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Cross-party MPs urge ban on two Chinese CCTV companies citing ethics and security concerns

Hikvision and Dahua are used by over 60% of UK public bodies, despite widespread criticism around alleged ties to crimes in Xinjiang

A slightly out of focus CCTV camera points at a 45 degree to the right of the viewer, while a second camera that is in focus bearing the word 'Hikvision' points away from the viewer

67 MPs have called for the Chinese surveillance equipment firms Hikvision and Dahua to be banned from operating in the UK, citing security concerns and calling into question the ethics of both companies.

The group represents as broad a range of the political spectrum as one could expect, from right-wing eurosceptics like Steve Baker MP to Labour peer and director of Liberty Baroness Chakrabarti, leader of the Liberal Democrats Ed Davey and the Greens’ Caroline Lucas MP.

The civil liberties and privacy campaigning organisation Big Brother Watch published a report in February documenting the spread of surveillance equipment manufactured in China throughout the UK.

Of the public bodies who responded to their FOI requests, 60.8% use Chinese-made CCTV and 89% of these use Hikvision equipment specifically. Additionally, 12% of this figure uses Dahua equipment.

Both Hikvision and Dahua have been alleged by MPs to be the primary operators of CCTV in Uyghur internment camps operated by the Chinese government, part of ongoing acts within China that human rights group Amnesty International calls crimes against humanity, and the US government officially calls genocide.

Moreover, last year the LA Times broke a story alleging that Dahua has developed facial-recognition technology that can sort by race, with specific capabilities to warn operators when it detects Uyghur individuals.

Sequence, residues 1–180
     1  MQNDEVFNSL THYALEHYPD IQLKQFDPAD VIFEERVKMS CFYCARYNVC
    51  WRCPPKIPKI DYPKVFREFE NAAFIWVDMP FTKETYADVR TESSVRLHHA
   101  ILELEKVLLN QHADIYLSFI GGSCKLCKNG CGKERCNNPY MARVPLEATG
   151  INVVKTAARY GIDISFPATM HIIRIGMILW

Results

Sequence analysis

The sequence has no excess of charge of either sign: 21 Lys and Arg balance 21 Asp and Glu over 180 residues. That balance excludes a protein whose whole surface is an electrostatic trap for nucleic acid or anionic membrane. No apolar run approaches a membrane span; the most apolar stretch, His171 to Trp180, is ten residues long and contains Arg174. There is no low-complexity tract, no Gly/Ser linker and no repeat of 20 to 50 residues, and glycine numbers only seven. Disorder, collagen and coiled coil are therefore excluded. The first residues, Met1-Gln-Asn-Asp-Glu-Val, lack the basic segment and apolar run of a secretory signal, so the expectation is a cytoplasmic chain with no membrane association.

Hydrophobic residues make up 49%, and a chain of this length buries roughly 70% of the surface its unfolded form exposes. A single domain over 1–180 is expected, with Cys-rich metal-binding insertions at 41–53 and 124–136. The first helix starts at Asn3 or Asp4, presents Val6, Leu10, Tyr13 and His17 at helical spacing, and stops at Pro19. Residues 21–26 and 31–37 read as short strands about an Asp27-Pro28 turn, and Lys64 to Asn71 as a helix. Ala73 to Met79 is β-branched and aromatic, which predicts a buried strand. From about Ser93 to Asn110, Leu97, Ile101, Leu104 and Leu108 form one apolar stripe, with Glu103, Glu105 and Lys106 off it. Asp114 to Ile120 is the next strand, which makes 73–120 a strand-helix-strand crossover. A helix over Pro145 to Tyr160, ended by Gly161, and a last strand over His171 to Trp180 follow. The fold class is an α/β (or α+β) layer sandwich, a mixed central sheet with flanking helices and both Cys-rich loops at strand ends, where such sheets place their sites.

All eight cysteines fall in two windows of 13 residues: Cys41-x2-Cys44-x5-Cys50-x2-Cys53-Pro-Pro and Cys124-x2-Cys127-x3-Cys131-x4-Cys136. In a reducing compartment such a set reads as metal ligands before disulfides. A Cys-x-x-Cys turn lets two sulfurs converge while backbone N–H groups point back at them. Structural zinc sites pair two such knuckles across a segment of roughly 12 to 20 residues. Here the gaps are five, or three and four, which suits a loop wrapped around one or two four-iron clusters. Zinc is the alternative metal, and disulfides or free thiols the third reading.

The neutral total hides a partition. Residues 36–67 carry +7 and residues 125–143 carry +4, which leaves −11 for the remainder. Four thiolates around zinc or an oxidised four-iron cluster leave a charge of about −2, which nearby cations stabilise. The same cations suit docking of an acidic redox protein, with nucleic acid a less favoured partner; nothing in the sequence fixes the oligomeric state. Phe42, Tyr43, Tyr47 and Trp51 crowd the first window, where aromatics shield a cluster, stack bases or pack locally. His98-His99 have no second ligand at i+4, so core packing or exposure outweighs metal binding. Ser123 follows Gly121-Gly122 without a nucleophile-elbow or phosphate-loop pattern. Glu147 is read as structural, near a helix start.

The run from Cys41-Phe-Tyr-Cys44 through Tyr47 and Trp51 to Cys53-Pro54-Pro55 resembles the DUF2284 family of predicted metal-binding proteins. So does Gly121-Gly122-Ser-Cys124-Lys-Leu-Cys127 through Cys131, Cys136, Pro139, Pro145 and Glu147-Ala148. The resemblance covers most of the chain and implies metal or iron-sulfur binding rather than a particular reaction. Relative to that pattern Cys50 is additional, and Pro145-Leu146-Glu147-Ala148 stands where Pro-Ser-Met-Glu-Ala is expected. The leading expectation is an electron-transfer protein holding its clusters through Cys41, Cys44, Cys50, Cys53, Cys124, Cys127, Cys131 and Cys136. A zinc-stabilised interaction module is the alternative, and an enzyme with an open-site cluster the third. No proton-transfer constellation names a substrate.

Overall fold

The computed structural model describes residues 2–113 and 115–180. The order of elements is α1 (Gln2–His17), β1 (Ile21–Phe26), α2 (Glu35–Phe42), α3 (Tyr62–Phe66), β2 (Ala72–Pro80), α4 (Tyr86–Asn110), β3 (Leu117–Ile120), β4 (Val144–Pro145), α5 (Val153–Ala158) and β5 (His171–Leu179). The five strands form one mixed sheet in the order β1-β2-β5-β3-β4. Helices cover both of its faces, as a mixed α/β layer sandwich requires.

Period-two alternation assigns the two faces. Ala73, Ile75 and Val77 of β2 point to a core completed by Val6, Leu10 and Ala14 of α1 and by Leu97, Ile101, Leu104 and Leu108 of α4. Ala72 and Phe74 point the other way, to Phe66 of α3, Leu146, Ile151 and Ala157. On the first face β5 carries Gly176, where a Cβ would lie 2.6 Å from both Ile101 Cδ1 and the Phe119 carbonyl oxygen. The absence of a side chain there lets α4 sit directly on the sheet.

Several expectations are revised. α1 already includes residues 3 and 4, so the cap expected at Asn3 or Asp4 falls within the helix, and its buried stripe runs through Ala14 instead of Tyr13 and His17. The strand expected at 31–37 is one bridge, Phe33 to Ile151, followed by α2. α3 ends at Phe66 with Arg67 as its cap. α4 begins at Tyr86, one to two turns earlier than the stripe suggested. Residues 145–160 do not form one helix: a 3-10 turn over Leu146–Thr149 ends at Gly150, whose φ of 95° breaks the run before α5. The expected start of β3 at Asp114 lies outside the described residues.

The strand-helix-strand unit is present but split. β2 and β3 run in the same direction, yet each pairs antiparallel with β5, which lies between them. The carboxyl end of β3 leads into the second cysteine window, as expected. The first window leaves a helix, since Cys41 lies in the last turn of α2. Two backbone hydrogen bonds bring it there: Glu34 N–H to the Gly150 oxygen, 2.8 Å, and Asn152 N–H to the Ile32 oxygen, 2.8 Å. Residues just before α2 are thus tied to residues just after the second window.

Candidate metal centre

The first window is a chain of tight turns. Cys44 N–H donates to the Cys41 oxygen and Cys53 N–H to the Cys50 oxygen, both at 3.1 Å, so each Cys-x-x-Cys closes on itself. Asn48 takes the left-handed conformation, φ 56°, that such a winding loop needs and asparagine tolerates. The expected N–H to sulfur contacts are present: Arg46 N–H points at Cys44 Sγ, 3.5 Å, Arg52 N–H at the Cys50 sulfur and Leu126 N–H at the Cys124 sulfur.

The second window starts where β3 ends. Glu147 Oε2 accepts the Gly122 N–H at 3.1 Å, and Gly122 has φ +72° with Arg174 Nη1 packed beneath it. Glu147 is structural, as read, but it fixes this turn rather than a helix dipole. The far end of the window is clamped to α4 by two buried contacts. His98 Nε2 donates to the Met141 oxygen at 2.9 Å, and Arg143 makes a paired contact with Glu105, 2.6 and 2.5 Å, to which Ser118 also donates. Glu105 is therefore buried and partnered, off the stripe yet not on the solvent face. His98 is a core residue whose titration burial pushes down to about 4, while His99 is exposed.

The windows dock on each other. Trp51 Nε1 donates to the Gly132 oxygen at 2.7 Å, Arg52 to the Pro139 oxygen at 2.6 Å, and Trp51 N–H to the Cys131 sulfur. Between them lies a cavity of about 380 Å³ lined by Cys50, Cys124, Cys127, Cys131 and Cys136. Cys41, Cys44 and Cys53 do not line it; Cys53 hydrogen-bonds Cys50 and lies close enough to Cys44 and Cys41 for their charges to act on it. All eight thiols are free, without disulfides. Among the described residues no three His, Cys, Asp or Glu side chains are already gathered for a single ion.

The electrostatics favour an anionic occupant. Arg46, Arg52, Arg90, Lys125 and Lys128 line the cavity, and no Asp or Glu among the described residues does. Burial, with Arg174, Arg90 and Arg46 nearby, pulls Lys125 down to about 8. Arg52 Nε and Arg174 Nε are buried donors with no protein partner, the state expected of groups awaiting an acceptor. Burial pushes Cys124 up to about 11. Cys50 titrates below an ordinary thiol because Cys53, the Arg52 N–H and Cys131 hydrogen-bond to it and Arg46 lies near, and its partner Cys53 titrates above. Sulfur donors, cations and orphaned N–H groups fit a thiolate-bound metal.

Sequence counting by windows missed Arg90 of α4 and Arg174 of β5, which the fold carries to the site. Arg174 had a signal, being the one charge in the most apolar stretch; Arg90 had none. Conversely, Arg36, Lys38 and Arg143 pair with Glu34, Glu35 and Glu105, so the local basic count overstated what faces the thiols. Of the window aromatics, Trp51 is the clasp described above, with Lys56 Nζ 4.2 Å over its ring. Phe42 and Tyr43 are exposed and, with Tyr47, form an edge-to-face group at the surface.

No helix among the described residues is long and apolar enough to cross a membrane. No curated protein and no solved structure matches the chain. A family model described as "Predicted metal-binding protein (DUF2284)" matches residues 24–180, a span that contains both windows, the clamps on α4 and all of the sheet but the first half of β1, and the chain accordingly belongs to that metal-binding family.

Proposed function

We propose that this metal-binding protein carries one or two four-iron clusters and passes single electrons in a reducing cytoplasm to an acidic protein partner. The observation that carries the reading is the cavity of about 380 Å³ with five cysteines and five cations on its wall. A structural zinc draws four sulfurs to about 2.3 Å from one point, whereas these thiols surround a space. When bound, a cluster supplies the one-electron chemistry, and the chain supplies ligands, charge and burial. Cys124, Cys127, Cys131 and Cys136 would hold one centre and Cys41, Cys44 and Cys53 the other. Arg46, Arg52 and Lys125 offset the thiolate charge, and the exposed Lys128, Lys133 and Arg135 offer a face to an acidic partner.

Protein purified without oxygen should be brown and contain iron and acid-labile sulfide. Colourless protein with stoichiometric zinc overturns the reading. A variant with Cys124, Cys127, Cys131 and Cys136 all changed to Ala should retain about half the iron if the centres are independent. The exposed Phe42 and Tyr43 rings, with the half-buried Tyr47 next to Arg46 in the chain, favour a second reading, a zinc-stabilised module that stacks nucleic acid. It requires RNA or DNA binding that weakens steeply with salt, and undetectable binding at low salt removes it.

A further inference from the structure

The use of technology from companies with ties to the Chinese government has recently prompted widespread concern. BT is currently removing Huawei from the UK’s 5G network after a 2020 decision and the FCC last week cited major privacy concerns over the popular app TikTok, owned by Chinese company ByteDance, urging Apple and Google to ban it from their respective app stores.

The Foreign Affairs Committee published a report in 2021 specifically naming Hikvision and Dahua as companies whose equipment “should not be permitted to operate within the UK,” calling them companies “known to be associated with the Xinjiang atrocities.” Last month, the Department for Work and Pensions announced that it will remove Hikvision CCTV cameras from its offices.

Professor Fraser Sampson, the Biometrics and Surveillance Camera Commissioner, wrote a letter to the Rt Hon Iain Duncan Smith MP last month concerning the risks to UK ethics and security posed by Chinese surveillance equipment. Within, he stated:

“[T]he publicly available evidence tells me that some of these companies - notably Hikvision and Dahua - simply cannot be trusted, partly because of concerns about the role they and their technology are believed to have played in perpetuating the appalling treatment of Uyghur Muslims as set out in the report of the Commons Foreign Affairs Committee last year (and recognised in the government’s formal response), but also because of those companies’ absolute refusal to engage with even the most cursory level of public accountability in response to those concerns.”

In a statement given to It Pro, a Hikvision spokesperson rejected claims made against them:

“CCTV has always played a critical role in the UK in the fight against crime and terrorism. Hikvision is proud of the role we play in that.

“The UK also has fringe groups who would like to see a massive reduction of CCTV in the UK who are willing to throw allegations around about CCTV, and who would lie to demonise Hikvision.

“Hikvision has always worked with government bodies to provide solutions to the UK’s CCTV requirements.”

This article has been updated to include additional comments from Hikvision.

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